“The Affair” creator Sarah Treem is pushing back on an earlier report characterizing the work environment on the Showtime drama as “toxic” and “hostile.”
In a column for Deadline, Treem compared the situation to the “Rashomon”-style biased perspectives employed by the show itself.
The column comes two days after the Hollywood Reporter report, citing multiple anonymous sources, that Treem and the show’s producers tried to “cajole” actors into performing nude against their expressed wishes on multiple occasions and were further careless in protecting those actors’ privacy on set. According to the report, the situation led to a tension between Treem and series star Ruth Wilson, leading up to her contentious exit from the series after its fourth season.
“Unfortunately, not much of my perspective made it into the [THR] story,” she wrote, “nor the perspectives of many of the half dozen senior level producers, director and other key crew members who spoke up.”
Treem went on to detail the disagreements she had with Wilson over the direction of the character and the frequency of on-screen sex scenes, recounting multiple instances where she and the actress negotiated limits throughout the first season.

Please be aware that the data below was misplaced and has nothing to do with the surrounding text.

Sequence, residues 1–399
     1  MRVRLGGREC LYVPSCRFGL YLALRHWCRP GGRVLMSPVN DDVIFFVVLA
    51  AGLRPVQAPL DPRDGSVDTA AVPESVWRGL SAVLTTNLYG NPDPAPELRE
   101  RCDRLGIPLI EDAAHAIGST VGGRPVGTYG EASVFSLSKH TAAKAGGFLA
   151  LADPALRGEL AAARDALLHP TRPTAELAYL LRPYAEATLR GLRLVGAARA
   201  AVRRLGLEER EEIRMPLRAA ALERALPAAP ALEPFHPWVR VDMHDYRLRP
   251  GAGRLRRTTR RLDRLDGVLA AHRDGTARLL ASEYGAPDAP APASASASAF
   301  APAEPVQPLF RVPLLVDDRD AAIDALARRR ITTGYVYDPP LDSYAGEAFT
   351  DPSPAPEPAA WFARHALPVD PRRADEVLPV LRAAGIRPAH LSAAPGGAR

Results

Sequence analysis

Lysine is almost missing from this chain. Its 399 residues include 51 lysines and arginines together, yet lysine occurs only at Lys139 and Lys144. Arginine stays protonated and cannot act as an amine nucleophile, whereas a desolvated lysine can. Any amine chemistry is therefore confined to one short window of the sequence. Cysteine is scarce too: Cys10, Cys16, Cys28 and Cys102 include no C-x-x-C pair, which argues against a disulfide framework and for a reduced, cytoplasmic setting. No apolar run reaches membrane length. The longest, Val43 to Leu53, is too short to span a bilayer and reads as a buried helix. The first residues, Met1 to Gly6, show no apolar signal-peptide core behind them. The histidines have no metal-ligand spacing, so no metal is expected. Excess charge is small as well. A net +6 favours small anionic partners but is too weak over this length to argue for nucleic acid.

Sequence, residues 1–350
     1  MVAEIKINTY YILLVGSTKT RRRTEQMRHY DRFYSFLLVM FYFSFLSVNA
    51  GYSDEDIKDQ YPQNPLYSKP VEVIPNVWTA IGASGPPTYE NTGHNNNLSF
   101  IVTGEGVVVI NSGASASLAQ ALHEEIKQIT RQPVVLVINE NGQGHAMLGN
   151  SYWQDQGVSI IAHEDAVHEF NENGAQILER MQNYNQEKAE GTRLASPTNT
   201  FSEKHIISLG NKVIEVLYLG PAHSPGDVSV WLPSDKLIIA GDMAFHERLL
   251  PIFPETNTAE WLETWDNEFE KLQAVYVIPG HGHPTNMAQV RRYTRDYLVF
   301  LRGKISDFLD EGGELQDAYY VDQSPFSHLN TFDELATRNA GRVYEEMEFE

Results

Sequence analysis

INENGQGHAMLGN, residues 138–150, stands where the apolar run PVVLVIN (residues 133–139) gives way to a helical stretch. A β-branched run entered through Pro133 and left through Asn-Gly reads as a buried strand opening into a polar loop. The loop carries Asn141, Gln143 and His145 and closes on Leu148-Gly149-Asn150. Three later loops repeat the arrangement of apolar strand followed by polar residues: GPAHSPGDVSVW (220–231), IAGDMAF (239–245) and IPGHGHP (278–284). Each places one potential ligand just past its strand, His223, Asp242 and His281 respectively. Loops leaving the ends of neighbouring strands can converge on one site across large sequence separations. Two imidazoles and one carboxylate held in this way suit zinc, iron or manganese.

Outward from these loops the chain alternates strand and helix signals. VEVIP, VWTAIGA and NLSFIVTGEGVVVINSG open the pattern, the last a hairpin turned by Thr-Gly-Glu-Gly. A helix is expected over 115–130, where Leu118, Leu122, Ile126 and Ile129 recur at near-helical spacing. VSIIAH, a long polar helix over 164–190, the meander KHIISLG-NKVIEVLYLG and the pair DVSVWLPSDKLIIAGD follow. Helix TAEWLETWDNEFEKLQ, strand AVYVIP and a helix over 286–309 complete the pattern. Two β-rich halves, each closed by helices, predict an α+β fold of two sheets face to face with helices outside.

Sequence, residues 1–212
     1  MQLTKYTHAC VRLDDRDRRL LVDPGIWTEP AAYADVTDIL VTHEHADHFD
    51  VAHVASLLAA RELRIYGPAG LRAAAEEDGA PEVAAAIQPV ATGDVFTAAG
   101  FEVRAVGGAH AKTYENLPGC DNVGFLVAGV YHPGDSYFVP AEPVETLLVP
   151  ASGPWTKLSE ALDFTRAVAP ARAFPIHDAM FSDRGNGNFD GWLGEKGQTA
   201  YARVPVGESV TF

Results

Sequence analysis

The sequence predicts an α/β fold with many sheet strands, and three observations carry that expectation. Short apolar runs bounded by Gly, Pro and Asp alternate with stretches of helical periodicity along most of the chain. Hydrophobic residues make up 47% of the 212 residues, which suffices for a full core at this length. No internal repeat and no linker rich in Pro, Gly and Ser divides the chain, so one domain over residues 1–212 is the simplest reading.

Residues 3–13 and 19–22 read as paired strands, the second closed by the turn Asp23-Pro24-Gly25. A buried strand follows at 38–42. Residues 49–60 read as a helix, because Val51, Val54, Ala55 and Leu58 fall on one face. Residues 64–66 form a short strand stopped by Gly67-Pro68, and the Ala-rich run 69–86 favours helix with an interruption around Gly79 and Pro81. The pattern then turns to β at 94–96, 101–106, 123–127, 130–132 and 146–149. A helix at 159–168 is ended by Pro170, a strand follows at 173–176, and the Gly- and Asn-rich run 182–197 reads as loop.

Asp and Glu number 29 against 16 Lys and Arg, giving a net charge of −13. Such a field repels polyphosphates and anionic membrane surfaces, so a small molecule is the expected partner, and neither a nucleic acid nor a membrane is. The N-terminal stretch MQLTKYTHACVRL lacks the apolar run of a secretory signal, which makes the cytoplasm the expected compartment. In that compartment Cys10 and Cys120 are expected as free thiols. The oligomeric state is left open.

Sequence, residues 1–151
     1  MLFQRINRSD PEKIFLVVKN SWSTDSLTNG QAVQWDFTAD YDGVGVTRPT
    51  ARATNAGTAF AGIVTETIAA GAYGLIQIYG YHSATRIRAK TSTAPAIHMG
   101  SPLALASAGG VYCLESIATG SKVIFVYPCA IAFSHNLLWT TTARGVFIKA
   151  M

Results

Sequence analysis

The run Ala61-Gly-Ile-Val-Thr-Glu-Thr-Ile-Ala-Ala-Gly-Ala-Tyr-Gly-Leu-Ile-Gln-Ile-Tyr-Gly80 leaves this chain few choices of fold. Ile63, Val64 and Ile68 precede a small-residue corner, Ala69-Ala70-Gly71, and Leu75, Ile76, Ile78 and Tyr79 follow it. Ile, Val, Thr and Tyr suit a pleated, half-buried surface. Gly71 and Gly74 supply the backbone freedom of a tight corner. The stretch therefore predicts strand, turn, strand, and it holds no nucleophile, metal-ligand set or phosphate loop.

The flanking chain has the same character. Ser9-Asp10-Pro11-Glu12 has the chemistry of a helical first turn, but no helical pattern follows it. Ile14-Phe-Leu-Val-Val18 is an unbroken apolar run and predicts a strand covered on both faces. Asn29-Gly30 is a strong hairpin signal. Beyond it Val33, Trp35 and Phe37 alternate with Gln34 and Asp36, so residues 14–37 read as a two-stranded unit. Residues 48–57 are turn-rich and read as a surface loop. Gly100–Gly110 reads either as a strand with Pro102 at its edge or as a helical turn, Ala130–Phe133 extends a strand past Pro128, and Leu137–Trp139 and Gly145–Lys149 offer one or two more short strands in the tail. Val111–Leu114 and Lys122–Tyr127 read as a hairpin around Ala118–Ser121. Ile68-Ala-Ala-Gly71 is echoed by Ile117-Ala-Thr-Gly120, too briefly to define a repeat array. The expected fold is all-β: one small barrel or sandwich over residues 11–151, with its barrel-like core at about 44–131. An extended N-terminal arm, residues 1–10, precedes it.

“On a continuous basis throughout Ruth’s time on the show, I tried to protect her and shoot sex scenes safely and respectfully,” she wrote.
“We didn’t agree on the choices of the character or whether or not a sex scene was necessary to advance the plot, but that is not the same thing as not respecting or supporting an actress’s need to feel safe in her work environment, which is something I always take incredibly seriously.”
Wilson has not publicly spoken out about the reasons for her exit, but the THR report cited “ongoing frustrations with the nudity required of her, friction with Treem over the direction of her character, and what she ultimately felt was a ‘hostile work environment.'”
“I did not always agree with Ruth Wilson, but I did always have respect for her craft, her ability and her process and I tried to write her a character deserving of her immense talent,” Treem wrote. “I know she’ll continue to tell the story of complex, multi-faceted, remarkable female characters for the rest of her long career. I plan on doing the same.”
Read her full column at Deadline.